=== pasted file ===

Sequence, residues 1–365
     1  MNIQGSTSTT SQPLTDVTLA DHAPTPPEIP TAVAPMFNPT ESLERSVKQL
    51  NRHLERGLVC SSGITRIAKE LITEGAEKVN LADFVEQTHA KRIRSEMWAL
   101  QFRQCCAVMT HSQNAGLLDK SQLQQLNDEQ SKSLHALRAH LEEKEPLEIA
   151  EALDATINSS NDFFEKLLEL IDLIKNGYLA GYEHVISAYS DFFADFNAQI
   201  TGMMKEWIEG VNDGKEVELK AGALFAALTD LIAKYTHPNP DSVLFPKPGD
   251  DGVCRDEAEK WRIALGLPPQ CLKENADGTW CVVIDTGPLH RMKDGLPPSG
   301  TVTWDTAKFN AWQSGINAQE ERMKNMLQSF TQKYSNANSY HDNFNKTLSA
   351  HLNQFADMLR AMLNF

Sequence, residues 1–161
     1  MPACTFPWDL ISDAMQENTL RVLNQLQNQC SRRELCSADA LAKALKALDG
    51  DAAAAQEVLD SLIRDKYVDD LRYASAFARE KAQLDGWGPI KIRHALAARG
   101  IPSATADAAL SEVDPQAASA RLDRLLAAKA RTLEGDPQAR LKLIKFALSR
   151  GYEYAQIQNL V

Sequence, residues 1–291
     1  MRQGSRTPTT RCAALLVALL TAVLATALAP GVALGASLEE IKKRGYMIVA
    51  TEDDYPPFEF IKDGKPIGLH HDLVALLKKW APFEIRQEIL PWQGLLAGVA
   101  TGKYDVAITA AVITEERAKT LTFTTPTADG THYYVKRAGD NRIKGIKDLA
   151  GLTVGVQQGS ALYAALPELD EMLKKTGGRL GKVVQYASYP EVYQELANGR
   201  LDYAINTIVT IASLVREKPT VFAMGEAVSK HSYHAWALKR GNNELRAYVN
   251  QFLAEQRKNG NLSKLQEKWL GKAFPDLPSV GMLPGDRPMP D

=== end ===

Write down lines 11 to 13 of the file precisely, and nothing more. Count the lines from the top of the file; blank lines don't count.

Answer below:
     1  MPACTFPWDL ISDAMQENTL RVLNQLQNQC SRRELCSADA LAKALKALDG
    51  DAAAAQEVLD SLIRDKYVDD LRYASAFARE KAQLDGWGPI KIRHALAARG
   101  IPSATADAAL SEVDPQAASA RLDRLLAAKA RTLEGDPQAR LKLIKFALSR